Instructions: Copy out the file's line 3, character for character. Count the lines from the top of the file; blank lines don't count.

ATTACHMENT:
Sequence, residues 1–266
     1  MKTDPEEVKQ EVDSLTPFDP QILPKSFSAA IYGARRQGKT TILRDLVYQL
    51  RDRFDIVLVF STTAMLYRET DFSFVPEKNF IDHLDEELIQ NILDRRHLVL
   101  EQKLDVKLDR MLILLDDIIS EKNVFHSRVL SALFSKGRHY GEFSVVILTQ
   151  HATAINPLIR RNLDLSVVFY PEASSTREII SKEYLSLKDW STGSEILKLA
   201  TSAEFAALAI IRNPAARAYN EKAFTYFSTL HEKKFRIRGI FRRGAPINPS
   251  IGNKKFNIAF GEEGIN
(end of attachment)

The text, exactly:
    51  RDRFDIVLVF STTAMLYRET DFSFVPEKNF IDHLDEELIQ NILDRRHLVL